explained Good Intentions founder and CEO, Tammy Jacobi.

“Now is the time to educate our children that there are many substances people can use to treat their debilitating conditions and medical marijuana is one of them”

With an emphasis on education and advocacy, Good Intentions has become a trusted name in medical marijuana services in Illinois and in Michigan. Good Intentions services include physician coordination and referrals, fingerprint background checks, official state forms assistance and verification of state required documentation. Jacobi added

“I am profoundly moved that our company continues to make a difference in patient’s lives. We’re also very proud of The State of Illinois for the hard work and dedication they’ve contributed in order to bring this program to life.”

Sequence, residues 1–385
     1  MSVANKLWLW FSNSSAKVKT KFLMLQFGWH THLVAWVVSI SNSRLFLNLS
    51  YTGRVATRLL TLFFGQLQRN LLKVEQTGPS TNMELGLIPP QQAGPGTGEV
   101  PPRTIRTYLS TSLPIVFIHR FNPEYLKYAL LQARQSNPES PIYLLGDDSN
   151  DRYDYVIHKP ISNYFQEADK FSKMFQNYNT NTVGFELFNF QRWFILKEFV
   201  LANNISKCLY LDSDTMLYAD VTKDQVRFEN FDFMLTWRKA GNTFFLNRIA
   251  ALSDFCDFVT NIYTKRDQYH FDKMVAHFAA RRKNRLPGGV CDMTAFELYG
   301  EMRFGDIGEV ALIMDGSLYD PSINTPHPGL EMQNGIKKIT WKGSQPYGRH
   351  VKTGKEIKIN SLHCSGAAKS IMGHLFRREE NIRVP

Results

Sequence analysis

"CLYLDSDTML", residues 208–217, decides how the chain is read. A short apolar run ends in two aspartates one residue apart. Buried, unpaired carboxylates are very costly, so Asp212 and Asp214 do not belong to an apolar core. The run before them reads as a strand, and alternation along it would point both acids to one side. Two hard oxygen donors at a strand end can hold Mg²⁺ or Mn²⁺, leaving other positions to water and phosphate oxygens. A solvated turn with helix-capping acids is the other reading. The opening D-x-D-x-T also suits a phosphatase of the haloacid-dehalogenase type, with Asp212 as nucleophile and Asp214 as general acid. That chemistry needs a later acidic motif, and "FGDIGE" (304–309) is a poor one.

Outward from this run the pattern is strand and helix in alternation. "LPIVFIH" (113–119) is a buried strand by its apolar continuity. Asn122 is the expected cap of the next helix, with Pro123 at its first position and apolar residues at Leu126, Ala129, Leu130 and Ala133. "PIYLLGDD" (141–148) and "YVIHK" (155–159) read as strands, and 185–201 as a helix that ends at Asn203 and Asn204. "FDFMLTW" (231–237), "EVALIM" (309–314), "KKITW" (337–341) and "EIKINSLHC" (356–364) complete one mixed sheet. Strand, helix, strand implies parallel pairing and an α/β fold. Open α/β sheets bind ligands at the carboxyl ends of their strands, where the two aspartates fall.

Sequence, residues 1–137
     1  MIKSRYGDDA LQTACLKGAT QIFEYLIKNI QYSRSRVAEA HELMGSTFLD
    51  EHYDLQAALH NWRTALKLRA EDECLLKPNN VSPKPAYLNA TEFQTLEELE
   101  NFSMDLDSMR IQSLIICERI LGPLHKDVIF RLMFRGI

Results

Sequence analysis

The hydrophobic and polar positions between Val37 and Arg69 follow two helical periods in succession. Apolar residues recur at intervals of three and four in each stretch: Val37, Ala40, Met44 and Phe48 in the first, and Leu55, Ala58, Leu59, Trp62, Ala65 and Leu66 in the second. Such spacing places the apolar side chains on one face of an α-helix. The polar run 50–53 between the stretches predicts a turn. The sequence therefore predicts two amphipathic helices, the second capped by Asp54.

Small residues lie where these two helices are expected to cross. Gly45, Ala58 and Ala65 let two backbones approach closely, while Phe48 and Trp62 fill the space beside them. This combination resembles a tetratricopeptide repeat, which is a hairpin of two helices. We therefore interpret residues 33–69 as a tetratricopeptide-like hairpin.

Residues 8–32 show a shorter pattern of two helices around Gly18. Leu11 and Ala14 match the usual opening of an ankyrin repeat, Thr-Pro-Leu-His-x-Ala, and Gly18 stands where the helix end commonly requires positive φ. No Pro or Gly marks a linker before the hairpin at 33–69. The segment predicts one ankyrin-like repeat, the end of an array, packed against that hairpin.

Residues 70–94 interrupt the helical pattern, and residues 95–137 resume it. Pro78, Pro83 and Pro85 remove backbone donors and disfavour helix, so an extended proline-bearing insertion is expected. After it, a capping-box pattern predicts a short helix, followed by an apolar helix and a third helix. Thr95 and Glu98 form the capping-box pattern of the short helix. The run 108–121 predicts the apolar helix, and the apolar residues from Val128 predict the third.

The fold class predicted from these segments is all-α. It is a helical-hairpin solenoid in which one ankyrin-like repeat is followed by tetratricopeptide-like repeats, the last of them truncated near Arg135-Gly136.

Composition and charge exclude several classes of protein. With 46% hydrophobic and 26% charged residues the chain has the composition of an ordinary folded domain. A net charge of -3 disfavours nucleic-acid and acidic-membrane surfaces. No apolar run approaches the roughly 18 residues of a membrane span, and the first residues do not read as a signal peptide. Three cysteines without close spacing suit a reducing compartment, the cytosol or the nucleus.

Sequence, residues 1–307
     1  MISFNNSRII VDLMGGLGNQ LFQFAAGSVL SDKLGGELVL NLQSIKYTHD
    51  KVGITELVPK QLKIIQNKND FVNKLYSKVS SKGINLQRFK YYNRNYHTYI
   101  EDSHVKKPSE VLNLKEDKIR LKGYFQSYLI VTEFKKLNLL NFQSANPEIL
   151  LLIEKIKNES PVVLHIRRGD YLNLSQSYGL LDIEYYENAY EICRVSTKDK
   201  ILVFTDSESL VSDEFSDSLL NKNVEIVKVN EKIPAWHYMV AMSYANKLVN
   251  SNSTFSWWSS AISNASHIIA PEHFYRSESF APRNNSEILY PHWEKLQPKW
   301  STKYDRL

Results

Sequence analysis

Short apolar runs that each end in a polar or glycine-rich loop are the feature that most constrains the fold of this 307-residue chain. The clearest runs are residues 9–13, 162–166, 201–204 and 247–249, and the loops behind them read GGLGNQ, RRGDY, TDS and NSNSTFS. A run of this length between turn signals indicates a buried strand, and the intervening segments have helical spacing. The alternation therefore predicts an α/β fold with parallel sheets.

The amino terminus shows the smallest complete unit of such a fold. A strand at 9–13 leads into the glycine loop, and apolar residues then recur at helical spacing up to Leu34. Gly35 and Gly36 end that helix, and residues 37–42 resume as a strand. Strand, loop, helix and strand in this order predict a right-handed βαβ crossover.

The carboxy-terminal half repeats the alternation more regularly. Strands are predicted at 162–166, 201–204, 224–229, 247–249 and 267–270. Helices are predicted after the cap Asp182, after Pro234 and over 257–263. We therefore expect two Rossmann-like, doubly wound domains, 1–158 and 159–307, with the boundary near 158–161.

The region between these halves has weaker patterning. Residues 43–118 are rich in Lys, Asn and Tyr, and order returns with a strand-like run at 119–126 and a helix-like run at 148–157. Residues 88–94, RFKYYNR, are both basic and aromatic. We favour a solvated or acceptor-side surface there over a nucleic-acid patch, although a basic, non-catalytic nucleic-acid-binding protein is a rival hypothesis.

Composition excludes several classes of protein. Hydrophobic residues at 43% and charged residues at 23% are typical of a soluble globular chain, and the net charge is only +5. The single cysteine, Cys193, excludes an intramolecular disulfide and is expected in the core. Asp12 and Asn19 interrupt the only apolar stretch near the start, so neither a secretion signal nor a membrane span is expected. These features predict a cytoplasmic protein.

Good Intentions Thanksgiving Day Parade float will emphasize the company’s history of “growing” with Illinois through the process of licensing medical marijuana patients. The float will feature a 12 foot banner with the theme “Growing With Illinois” and will be complete with a garden of flowers in bloom. According to Jacobi,

“just as plants grow and flower, the company has blossomed into an organization that provides hope for the most seriously ill citizens of Illinois. And when it comes to our children, let us not forget the shrewdness of Thomas Jefferson -Honesty is the first chapter of the book of wisdom.”

Moderated by:

Source/Author: KTEN Home – – No One Gets You Closer


World’s First Hemp Plane!


Author: Neil Nathan

A company based in Waterloo, Ontario is building a hemp-based, hemp-fuelled aircraft that will have a much smaller carbon footprint than standard planes.

Derek Kesek plans to be flying on cloud 9 in the world’s first hemp plane next year!